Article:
Home > ORAL HEALTH > Denture Related Stomatitis

Denture Related Stomatitis

What is denture related stomatitis?

Denture related stomatitis (DRS) is also known as denture sore mouth, denture stomatitis or candida-associated denture induced stomatitis. It is a common disorder affecting denture wearers. This condition is seen mostly among the elderly (as they are more likely to be using dentures), especially those living in nursing homes/facilities. The common presentation is that of inflammation and redness of the area covered by the denture base. Pain / Discomfort are usually not present till later stages of the condition.

How does it happen?

Although the majority of cases are associated with the fungal organism Candida albicans, there have been reports of denture related stomatitis being caused by bacterial organisms as well. As such, the cause of denture related stomatitis is best described as being multifactorial.

Several factors have been established as being risk-factors:

  • Poor denture and oral hygiene
  • Continual and night-time use of removable dental prostheses
  • Poorly fitting dentures
  • Underlying systemic problems such as diabetes mellitus

All the above mentioned factors increase the ability of opportunistic pathogens such as Candida albicans to colonize both the denture and the underlying mucosa. Poorly fitting dentures also cause mucosal trauma. Denture related stomatitis however is not caused by pure allergy to the denture material.

Denture related stomatitis has been classified depending on the severity of the condition. The following is the commonly used Newton’s classification system:

Type I: Pinpoint redness or localized simple inflammation
Type II: Diffuse redness confined to the mucosa contacting the denture.
Type III: Granular surface or inflammatory papillary hyperplasia of the palate

Type III Denture related stomatitis with a granular and papillary palate

Type I is thought to be the early or initial stages of denture related stomatitis whilst Type III is rare and is a manifestation of the response to chronic inflammatory stimulation secondary to microbial colonization as well as an element of trauma from an ill-fitting dentures.

How does the dentist diagnose this condition?

A thorough clinical examination of the mouth and dentures is usually sufficient to achieve a diagnosis of denture related stomatitis. The classical clinical presentation of erythema and oedema of the mucosa covered by the denture base but not extending beyond is a diagnostic finding. At times, a smear of the mucosa is performed and stained with potassium hydroxide (KOH) or periodic acid-Schiff to detect the presence of fungal organisms.

How is it treated?

Management of this condition can be subdivided into the following categories and usually involves a combined approach:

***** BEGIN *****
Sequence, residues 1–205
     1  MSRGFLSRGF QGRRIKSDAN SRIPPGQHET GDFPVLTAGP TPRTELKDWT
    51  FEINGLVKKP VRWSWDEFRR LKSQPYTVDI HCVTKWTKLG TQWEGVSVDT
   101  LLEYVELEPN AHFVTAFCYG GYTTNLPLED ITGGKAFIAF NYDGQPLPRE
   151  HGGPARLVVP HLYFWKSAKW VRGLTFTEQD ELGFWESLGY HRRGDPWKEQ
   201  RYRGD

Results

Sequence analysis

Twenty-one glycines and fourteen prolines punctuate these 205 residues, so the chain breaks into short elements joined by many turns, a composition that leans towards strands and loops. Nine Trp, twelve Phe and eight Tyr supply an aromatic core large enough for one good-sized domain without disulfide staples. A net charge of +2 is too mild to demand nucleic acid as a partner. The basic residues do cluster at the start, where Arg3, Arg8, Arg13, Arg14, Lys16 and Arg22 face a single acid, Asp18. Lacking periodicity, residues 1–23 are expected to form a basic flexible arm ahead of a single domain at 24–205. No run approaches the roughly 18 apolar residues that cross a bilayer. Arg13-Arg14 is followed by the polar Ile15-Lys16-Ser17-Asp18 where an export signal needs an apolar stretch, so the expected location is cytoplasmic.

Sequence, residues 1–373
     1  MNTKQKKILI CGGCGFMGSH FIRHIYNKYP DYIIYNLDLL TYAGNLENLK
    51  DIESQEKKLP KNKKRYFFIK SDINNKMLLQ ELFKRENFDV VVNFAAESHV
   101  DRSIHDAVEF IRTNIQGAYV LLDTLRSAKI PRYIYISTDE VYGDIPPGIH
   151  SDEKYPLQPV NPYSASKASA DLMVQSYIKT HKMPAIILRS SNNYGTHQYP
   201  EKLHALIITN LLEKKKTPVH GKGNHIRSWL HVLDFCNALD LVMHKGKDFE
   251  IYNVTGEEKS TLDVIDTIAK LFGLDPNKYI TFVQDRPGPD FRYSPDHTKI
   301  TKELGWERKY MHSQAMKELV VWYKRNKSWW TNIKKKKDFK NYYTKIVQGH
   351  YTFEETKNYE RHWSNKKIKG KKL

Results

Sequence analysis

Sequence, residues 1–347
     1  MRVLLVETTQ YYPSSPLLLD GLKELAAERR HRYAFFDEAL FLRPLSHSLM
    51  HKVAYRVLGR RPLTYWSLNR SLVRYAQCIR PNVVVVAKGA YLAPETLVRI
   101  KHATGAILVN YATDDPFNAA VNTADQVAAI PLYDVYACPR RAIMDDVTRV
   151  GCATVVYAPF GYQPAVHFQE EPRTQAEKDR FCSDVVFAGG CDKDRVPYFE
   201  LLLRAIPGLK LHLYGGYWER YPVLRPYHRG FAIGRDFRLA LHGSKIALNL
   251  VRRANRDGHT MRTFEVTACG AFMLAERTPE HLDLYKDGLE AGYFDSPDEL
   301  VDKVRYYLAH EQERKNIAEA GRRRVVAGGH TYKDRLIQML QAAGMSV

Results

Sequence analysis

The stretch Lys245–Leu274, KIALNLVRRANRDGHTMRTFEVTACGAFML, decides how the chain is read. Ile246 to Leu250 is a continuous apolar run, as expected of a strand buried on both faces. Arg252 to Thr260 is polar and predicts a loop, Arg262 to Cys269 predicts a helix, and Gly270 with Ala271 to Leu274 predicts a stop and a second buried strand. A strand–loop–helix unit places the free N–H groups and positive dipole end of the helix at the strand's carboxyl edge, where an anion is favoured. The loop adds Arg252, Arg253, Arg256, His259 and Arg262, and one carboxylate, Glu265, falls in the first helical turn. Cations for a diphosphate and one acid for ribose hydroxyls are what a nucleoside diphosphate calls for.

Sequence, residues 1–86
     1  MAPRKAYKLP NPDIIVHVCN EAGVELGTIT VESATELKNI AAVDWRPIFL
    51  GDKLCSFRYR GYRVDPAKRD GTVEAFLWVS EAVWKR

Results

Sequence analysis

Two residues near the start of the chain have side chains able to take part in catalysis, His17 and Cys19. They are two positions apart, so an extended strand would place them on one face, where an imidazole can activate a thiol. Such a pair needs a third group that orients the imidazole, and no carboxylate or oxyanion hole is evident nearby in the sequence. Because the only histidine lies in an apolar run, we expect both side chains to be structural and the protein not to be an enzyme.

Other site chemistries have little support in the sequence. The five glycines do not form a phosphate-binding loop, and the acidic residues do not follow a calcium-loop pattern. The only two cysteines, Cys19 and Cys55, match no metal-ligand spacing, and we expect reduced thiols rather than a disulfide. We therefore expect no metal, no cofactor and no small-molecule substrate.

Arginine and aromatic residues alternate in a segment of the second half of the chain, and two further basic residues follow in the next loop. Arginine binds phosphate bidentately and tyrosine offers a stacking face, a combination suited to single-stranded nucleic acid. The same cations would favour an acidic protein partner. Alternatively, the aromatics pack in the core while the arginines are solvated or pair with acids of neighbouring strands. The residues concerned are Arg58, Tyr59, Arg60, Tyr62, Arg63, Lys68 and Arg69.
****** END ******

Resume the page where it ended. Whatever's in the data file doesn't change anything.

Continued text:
1. Oral hygiene

    The mouth must be kept as clean as possible and one should rinse after meals.

  2. Denture hygiene & adjustment of existing dentures

    The existing dentures should be cleaned and any necessary adjustments should be performed to minimise trauma to the underlying tissue as well as to eradicate the microbial component on the dentures. The dentures should be left out of the mouth as much as possible and overnight usage (whilst sleeping) should be stopped. Many times, early stages of denture stomatitis will resolve completely if the dentures are not worn at night for about 2 – 3 weeks. Get more information on caring for dentures as well as preventing denture stomatitis.

  3. Medication

    If conservative measures of hygiene and cleaning have been unhelpful, the clinician may decide to prescribe some topical medication. The most commonly used medications would be antifungal ointments/lozenges/suspensions as well as antibacterial mouthrinses. Although antimicrobial treatment can remove/reduce microbial contamination and provide temporary resolution of the denture related stomatitis, without proper denture & oral hygiene, the stomatitis will recur when antimicrobial therapy is discontinued.

  4. Surgery

    At times, especially for Type III denture related stomatitis, minor oral surgery has to be performed to remove any excess tissue to facilitate construction of new dentures. Besides that, for Type III denture related stomatitis, due to the presence of papillary and granular tissue, a biopsy may be performed to rule out other disease processes that may present in a similar manner.

  5. Construction of new, better fitting dentures

    After the mucosa has achieved adequate healing and the patient has shown better oral as well as denture hygiene, construction of better fitting dentures will usually be performed.

What are the possible complications?

If left untreated, denture related stomatitis can cause pain/discomfort in the mouth and may lead to poorly fitting dentures in the future.


  1. Newton AV. Denture sore mouth as possible etiology. Brit Dental J. 1962;112:357-60.
  2. Wilson J. The aetiology, diagnosis and management of denture stomatitis. Br Dent J. Oct 24 1998;185(8):380-4
  3. Naik AV, Pai RC. A study of factors contributing to denture stomatitis in a north Indian community. Int J Dent. 2011
  4. Scully, Crispian (2008). Oral and maxillofacial medicine : the basis of diagnosis and treatment (2nd ed. ed.). Edinburgh: Churchill Livingstone. pp. 201–203.


Last Reviewed : 24 January 2014
Writer : Dr. Hans Prakash a/l Sathasivam
Accreditor : Dr. Abdul Rahim bin Ahmad